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ADA Case Review: Robles vs. Domino's Pizza

Robles versus Domino’s Pizza was a hard-fought Americans with Disabilities Act case, which made law with respect to the responsibility of certain business owners to keep their websites and apps accessible to the blind and visually impaired. The plaintiff in the case, Guillermo Robles, filed a lawsuit alleging that Domino’s Pizza failed to design, construct, maintain, and operate its websites and mobile application in a way that was fully accessible to him. His case was dismissed, and he appealed. The appellate court reversed the decision to dismiss, and it reinstated his case.

The facts of the case were as follows: Domino’s operates a website and mobile app that allows customers to order pizza, either for pickup, or for delivery to their homes. It also allows customers to receive various discounts. Mr. Robles (the plaintiff) used special software that vocalized features on websites, in order to allow him access to those websites, notwithstanding his visual impairments.

Mr. Robles filed his ADA lawsuit in September 2016, alleging that Domino’s failed to design, construct, and maintain its website in a way that was fully accessible and usable by him, and by other visually impaired persons, in violation of the Americans with Disabilities Act of 1990, as well as California law. Domino’s moved to dismiss, arguing that the Americans with Disabilities Act does not cover its website, or in the alternative, that it would violate due process to subject Domino's to specific website accessibility standards, since there was no law or regulation requiring that any specific standards be applied to websites.

The lower court (the court that dismissed the case) held that Title III of the Americans with Disabilities Act did apply to Domino’s website and app. But it also ruled that because there was not yet any rule or regulation announced regarding the standards to which websites must conform, requiring Domino's to conform to a specific standard would violate due process (since it had no prior notice of the legally required standard).

In reversing that decision, the appellate court held that the ADA “as a whole” is intended to provide a clear and comprehensive national mandate for the elimination of discrimination against individuals with disabilities.“ Title III of the ADA advances that goal by providing that “no individuals shall be discriminated against on the basis of disability in the full and equal enjoyment of the goods, services, facilities, privileges, advantages, or accommodations of any place of public accommodation, by any person who owns, leases or leases to, or operates a place of public accommodation.”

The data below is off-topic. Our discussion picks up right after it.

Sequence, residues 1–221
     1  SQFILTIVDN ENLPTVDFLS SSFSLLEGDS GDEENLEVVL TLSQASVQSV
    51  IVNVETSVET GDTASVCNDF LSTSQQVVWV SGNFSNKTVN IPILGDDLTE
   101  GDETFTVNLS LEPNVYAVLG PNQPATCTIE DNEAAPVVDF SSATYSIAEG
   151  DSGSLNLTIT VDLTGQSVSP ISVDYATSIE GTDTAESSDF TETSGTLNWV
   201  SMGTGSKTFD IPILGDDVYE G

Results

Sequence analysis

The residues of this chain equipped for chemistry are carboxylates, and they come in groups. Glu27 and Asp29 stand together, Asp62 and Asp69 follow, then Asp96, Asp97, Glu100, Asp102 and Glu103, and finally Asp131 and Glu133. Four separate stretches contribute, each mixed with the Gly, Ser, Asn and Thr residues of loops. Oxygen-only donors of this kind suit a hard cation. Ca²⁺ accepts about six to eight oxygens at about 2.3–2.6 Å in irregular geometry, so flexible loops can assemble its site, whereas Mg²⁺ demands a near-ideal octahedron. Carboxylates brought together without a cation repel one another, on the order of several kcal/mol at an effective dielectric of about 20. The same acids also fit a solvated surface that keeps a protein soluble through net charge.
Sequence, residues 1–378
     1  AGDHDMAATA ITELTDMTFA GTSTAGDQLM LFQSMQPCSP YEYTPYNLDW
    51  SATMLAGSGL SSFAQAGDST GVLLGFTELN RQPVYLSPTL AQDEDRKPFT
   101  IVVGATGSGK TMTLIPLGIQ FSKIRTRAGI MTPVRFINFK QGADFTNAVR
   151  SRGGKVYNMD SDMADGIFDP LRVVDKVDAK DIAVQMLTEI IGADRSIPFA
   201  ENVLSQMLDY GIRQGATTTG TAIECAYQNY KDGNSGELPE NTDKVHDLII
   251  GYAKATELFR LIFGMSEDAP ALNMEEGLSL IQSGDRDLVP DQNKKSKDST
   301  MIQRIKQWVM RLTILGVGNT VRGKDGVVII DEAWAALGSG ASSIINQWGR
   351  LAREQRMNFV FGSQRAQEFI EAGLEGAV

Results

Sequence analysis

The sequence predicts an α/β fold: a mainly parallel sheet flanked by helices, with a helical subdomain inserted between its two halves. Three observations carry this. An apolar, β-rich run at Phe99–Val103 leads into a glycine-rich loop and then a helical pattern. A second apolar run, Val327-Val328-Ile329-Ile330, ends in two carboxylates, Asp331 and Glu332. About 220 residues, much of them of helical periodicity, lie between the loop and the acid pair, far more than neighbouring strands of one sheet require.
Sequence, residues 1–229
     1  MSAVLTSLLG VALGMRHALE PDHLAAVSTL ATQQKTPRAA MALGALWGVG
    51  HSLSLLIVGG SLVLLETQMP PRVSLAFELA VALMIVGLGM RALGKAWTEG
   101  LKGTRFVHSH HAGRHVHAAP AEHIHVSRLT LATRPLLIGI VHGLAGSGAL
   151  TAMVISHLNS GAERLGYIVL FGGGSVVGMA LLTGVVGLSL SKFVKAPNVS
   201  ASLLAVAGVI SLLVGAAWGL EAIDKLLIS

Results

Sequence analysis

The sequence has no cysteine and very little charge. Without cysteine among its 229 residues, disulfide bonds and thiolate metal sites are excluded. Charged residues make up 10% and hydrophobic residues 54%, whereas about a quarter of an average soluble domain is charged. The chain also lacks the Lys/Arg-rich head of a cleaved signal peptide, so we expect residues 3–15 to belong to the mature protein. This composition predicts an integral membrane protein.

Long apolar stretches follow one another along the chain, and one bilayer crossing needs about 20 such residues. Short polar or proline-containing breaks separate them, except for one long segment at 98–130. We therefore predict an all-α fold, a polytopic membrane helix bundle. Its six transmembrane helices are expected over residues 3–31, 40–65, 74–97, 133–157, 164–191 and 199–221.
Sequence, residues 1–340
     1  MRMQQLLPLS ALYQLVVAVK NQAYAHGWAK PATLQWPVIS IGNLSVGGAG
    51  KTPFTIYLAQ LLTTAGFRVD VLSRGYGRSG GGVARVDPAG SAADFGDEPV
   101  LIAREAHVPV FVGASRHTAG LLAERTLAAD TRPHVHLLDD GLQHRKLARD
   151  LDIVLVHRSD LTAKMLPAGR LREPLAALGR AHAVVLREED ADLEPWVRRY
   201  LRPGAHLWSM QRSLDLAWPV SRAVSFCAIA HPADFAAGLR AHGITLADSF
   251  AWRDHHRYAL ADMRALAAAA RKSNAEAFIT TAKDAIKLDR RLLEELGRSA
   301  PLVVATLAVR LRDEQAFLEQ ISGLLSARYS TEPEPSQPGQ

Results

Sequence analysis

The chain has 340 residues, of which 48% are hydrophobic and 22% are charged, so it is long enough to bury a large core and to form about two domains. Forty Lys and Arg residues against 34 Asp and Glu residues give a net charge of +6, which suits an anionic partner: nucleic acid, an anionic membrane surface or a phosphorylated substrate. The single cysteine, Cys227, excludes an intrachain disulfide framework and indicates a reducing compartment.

As such, the appellate court agreed that the Domino’s website was subject to the ADA. And the ADA, of course, requires that places of public accommodation, like the Domino’s website, take appropriate action to eliminate barriers to access, and ensure effective communication with individuals who have disabilities.

The appellate court found that the ADA articulates specific standards, to which places of public accommodation must conform. Such places must ensure that no individual with a disability is excluded or denied access on the basis of that disability. They must ensure that there is effective communication with people who have disabilities. The lack of specific regulations stating that a particular technology must be used on websites is not a relevant factor for consideration. Indeed, because Domino’s knows has an obligation to allow for effective communication on its website (or apps) – including with the visually impaired public – it has to provide some method of doing that. Just because a specific method is not set out in the law, that does not mean the obligation does not exist at all.

Put more specifically, the appellate court states that “while we understand why Domino’s wants DOJ to issue specific guidelines for website and app accessibility, the Constitution only requires that dominoes receive fair notice if it’s legal duties, not a blueprint for compliance with statutory obligations.”

In other words, although it would be nice for there to be a specific rule or regulation stating how websites are required to comply with the ADA, in the absence of such rules or regulations, places of public accommodation whose websites are subject to the Americans with Disabilities Act are not simply excused from compliance.

The appellate court went on to rule as follows: “we express no opinion about whether Domino's website or app comply with the ADA. We leave it to the District Court, after discovery, to decide in the first instance whether the Domino’s website and app provide the blind with effective communication and full and equal enjoyment of its products and services, as the ADA mandates.” In other words, it is up to each website and app owner to make sure that its website is ADA compliant, and there is no specific guidance on how to do that.

Although WCAG 2.1 standards have become the default accepted way in which for websites and apps to be accessible, there is no definite way to comply. The bottom line for business owners is that websites and apps that are used to sell goods and services must be ADA compliant, or otherwise a lawsuit to enforce compliance is the likely result.




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